Spot Gold Prices recovered a slight loss by the London close on Tuesday, trading near $670 per ounce as US stocks slipped and European bourses closed 1.2% lower.
The move came despite a continued rally in the US Dollar, confounding the common view that the Gold Market must always move inversely to the US currency. By lunchtime in New York, the Dollar had pushed the Euro below $1.3570 for the first time since the start of July. Gold, on the other hand, was unchanged against the Greenback from yesterday's London close, and little changed from one week ago.
Since this time last month, Gold Priced in Euros has risen by 2%. Measured against the British Pound – sharply lower on the forex markets after weaker than expected inflation data – gold today reached £335 per ounce, a near 10-week high.
Earlier in the session, Spot Gold Prices had retreated to a low of $667.25 – the lowest point since Friday's sharp rally – on news that inflation for US manufacturers rose ahead of forecast in July.
"Inflation goes up, gold goes down," said Leonard Kaplan of Prospector Asset Management in Illinois to Reuters. "The thinking of the market is that higher inflation is going to yield higher interest rates, which is going to yield a higher Dollar, which is going to yield a lower gold."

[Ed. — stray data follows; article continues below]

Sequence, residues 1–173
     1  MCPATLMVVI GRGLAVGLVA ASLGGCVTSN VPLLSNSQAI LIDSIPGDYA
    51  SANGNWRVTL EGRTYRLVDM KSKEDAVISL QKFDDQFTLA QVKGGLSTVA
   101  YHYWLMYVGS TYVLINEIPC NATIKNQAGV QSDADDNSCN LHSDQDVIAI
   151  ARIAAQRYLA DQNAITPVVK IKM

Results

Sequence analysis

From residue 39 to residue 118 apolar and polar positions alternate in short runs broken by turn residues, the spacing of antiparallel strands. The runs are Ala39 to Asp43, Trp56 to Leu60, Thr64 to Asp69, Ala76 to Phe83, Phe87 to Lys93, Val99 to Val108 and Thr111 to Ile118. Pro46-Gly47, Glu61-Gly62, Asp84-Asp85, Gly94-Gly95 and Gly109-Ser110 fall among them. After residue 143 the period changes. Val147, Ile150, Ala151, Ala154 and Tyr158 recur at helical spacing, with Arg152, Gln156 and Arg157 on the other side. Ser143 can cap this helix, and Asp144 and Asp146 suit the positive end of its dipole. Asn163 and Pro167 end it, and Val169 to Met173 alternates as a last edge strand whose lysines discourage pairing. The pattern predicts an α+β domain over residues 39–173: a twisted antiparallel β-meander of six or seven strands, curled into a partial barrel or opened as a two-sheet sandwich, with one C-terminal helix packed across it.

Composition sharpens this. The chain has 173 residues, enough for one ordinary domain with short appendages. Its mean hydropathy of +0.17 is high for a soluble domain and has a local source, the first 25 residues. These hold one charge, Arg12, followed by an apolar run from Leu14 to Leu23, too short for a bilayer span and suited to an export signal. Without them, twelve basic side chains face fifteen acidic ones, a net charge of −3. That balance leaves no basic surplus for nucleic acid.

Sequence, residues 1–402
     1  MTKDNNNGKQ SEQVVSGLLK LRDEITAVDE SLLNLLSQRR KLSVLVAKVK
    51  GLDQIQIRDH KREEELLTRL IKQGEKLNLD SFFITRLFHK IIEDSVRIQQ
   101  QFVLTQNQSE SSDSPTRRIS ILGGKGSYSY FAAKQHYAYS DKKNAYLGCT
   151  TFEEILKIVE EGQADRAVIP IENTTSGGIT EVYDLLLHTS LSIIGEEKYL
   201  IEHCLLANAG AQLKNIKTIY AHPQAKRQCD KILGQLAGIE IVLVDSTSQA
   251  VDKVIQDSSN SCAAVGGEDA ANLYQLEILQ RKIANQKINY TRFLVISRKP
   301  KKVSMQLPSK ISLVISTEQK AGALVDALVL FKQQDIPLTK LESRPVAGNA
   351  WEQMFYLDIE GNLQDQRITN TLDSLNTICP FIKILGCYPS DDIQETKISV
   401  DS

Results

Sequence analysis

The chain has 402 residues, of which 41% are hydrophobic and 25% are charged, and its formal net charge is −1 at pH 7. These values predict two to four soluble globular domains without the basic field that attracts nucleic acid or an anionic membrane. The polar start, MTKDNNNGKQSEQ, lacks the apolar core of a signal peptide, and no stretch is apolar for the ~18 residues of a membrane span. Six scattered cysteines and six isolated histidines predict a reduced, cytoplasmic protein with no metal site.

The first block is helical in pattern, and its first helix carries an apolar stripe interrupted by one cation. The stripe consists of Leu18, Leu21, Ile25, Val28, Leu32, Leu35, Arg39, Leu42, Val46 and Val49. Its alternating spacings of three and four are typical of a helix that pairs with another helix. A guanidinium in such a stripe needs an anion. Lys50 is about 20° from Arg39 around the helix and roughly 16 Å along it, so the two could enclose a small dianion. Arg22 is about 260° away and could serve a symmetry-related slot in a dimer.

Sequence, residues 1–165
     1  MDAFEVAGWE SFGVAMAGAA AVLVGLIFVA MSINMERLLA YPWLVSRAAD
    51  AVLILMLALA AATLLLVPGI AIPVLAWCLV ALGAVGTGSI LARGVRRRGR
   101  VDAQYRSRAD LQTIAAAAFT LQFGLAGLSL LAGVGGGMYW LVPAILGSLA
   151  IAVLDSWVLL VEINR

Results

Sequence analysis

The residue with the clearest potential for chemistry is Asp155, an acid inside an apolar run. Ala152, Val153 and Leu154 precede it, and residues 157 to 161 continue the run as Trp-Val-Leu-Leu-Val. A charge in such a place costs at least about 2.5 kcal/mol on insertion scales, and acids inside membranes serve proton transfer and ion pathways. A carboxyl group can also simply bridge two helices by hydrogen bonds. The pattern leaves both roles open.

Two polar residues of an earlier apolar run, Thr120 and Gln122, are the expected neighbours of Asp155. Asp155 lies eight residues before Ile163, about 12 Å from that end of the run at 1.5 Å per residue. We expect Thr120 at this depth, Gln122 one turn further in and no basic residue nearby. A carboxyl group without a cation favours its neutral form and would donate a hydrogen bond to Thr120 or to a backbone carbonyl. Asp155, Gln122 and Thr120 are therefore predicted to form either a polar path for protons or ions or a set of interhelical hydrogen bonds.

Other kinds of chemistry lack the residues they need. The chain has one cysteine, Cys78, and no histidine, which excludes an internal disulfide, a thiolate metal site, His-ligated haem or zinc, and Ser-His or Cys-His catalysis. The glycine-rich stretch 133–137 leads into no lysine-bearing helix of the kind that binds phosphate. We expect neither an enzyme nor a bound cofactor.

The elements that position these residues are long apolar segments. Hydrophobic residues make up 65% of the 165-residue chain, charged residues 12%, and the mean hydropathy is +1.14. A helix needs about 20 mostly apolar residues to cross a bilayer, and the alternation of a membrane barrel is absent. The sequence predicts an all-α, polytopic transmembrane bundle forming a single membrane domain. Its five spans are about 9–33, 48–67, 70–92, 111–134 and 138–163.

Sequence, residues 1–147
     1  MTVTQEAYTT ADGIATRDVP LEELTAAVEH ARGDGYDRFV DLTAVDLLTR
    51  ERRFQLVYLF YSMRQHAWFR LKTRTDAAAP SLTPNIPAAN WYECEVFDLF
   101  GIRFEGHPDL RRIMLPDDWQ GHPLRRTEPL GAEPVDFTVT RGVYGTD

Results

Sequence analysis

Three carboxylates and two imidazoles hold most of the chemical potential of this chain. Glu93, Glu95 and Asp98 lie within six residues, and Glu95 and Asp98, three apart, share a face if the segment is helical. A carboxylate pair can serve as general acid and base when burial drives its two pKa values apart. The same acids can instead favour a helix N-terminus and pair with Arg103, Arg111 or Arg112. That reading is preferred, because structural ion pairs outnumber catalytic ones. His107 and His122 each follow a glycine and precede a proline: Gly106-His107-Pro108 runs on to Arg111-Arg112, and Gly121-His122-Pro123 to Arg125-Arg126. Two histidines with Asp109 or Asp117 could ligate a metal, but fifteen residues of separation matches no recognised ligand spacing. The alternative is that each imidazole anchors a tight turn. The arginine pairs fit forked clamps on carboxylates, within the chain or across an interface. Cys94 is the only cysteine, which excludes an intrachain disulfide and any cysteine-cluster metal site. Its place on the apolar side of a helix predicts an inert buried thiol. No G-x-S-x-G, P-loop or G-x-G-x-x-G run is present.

But despite rising input costs, the threat of last week's liquidity crunch in global money markets spreading to the real economy continues to spook equity and bond investors. Two Canadian trusts today said they had failed to issue new securities to repay maturing loans. A bank had declined to provide them with liquidity.
"It's confirmation that credit markets remain difficult and that there's not very much confidence in the credit market," says Michael Malone, trading analyst at Cowen & Co. in New York.
"Issues in the subprime market continue to spread throughout the system, so I think at this point in time, the question is, how bad are things going to get?"
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